Congressional leaders reached an elaborate deal Tuesday that will allow Democrats to lift the nation’s debt limit without any votes from Republicans, likely averting another last-minute rush to avoid a federal default. Hours later, the House passed legislation overwhelmingly along party lines that kicked off a multi-step process.
Congress approved a $480 billion increase in the nation’s debt limit in October. That’s enough for the Treasury to finance the government’s operations through Dec. 15, according to Treasury Secretary Janet Yellen's projection.
But Republicans have warned they won't vote for any future debt ceiling increase to ensure the federal government can meet its financial obligations, and instead, the politically unpopular measure would have to be passed entirely by the Democratic majority in both chambers of Congress.
President Joe Biden had called on Republicans to “get out of the way” if they won’t help Democrats shoulder the debt responsibility. But rather than step aside and allow for a quick vote, Senate Republican leader Mitch McConnell has helped engineer an unusual legislative process that will play out over the next several days. Donald Trump, the former president, ridiculed McConnell for allowing any action, showing just how politically toxic the routine act of paying the nation’s bills has become.
“I think this is in the best interest of the country,” said McConnell, R-Ky. “I think it is also in the best interest of Republicans, who feel very strongly that the previous debt ceilings we agreed to when President Trump was here carried us through August. And this current debt ceiling is indeed about the future and not about the past.”
The agreement spelled out in the House bill passed Tuesday establishes the days-long process ahead. In short, it would tuck a provision to fast-track the debt limit process into an unrelated Medicare bill that will prevent payment cuts to doctors and other health care providers. That measure passed the House by a vote of 222-212 with only Republican, Rep. Adam Kinzinger of Illinois, siding with Democrats in voting for the measure.
“House Republicans can’t support using patients and access to local doctors as leverage to increase the national debt on our children," said Rep. Kevin Brady, R-Texas.
The measure now goes to the Senate, and if the Medicare bill becomes law, it will open the process for the Senate to raise the debt ceiling through subsequent legislation with a Democrats’ only majority vote.
Senate Majority Leader Chuck Schumer, D-N.Y., struck an optimistic note that the debt ceiling plan will pass.
“This is a very good outcome for the American people. We will avoid default, which would have been disastrous. Democrats have always said that we were willing to shoulder the load at 50 votes to get this done as long it was not a convoluted or risky process, and Leader McConnell and I have achieved that.”
Key to the agreement is that Democrats will have to vote on a specific amount by which the debt ceiling would be lifted. The amount has not yet been disclosed, but it is sure to be a staggering sum. Republicans want to try to blame Democrats for the nation’s rising debt load and link it to Biden’s roughly $2 trillion social and environmental bill.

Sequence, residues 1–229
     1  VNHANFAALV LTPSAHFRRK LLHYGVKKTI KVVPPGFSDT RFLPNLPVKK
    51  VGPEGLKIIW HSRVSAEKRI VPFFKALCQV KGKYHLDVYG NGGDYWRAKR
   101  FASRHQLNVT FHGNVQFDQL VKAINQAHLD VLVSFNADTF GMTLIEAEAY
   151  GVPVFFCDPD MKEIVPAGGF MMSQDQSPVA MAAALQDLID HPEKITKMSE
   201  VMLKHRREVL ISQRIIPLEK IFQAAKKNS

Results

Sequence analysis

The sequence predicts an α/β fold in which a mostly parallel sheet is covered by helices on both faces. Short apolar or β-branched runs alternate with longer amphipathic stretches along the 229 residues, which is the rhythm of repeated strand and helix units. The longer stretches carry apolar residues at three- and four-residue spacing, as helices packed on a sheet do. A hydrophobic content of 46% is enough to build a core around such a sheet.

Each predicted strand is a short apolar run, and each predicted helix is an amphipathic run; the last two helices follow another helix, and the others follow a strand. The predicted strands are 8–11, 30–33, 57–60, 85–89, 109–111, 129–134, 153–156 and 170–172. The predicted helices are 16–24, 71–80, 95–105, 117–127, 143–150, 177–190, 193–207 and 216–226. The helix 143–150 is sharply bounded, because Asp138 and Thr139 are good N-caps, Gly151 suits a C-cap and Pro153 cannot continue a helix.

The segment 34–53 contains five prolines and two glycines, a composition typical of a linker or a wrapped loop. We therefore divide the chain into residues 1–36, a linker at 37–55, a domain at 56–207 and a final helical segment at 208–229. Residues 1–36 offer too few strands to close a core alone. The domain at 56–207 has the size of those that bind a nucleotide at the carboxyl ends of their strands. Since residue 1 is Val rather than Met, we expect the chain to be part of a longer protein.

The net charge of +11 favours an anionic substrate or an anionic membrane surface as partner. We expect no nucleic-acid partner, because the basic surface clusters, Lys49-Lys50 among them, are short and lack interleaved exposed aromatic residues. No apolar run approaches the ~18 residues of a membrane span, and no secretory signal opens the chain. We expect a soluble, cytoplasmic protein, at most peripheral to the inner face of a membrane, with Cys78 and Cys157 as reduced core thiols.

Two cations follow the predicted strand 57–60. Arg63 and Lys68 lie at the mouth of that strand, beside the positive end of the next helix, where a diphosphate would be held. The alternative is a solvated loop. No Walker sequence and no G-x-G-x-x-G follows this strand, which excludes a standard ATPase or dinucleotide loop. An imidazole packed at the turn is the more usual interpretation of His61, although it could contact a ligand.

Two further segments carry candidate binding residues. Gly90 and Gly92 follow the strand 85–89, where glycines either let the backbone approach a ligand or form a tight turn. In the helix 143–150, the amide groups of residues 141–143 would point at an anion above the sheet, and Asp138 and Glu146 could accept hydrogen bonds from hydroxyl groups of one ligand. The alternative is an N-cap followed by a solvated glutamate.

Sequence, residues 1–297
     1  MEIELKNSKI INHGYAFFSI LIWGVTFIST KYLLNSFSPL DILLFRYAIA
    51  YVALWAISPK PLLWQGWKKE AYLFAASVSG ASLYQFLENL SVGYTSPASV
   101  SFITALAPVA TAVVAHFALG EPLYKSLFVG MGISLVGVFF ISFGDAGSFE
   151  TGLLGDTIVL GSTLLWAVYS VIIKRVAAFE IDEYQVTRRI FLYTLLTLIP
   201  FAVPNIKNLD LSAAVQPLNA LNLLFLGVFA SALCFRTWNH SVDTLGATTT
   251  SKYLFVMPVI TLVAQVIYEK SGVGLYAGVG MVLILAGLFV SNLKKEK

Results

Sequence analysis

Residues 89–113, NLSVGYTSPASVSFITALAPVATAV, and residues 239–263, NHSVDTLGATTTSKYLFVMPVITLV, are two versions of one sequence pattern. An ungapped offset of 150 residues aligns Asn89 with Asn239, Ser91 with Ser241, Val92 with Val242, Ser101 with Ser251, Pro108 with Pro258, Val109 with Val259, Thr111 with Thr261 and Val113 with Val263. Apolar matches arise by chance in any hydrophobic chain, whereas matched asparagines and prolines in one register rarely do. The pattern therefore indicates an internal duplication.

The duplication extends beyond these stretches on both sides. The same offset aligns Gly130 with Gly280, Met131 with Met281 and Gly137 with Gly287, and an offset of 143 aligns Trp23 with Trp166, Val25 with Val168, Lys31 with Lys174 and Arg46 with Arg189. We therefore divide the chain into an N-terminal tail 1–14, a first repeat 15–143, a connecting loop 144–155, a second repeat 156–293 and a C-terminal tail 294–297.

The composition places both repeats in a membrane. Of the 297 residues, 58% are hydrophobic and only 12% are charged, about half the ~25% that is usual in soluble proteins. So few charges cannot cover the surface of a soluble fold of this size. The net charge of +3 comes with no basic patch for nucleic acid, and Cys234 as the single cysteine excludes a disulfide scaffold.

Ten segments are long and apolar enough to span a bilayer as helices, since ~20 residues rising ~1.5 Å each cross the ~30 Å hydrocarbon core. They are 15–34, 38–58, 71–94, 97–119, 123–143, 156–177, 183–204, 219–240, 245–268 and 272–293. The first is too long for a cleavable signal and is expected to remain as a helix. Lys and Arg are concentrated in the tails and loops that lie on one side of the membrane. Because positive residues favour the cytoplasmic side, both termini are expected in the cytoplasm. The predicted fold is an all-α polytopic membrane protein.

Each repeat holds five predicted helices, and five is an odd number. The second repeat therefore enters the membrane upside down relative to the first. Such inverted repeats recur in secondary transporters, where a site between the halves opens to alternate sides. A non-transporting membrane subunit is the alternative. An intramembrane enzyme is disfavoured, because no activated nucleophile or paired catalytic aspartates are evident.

“To have Democrats raise the debt ceiling and be held politically accountable for racking up more debt is my goal, and this helps us accomplish that,” said Sen. John Cornyn, R-Texas.
The increase in the debt ceiling, however, is needed to meet financial obligations accrued by both parties under past legislation. The vast majority of it predates Biden's presidency.
“This is about meeting obligations that the government has already incurred, largely during the Trump Administration,” House Speaker Nancy Pelosi said in a letter to Democratic colleagues. “Only three percent of the current debt has been accrued under President Biden.”
Pelosi said that addressing the debt limit will prevent a drastic increase in interest rates for car loans, student debt, mortgages and other types of borrowing for Americans.
The legislation before the House on Tuesday establishes a fast-track process for the days ahead. A subsequent vote will be needed to pass the debt ceiling increase itself. Once the Senate has done so, the House will take up the bill and send it to Biden to be signed into law.
At their private luncheon Thursday, Republican senators sounded off against the plan. Many of them will not support it.
Sen. Roy Blunt, R-Mo., a member of GOP leadership, said the lunch discussion went about as would be expected — though he said the plan at least allows Republicans to achieve their goal of forcing Democrats to vote on their own to raise the debt ceiling by a specific amount.
The parliamentary machinations struck some House lawmakers as an “absurd” but necessary way to deal with the Senate, where the filibuster rules allow the Republican minority to block action.
“We’re tying ourselves into parliamentary contortions to try to help the Senate deal with this straitjacket they have put themselves into,” Rep. Jamie Raskin, D-Md., said.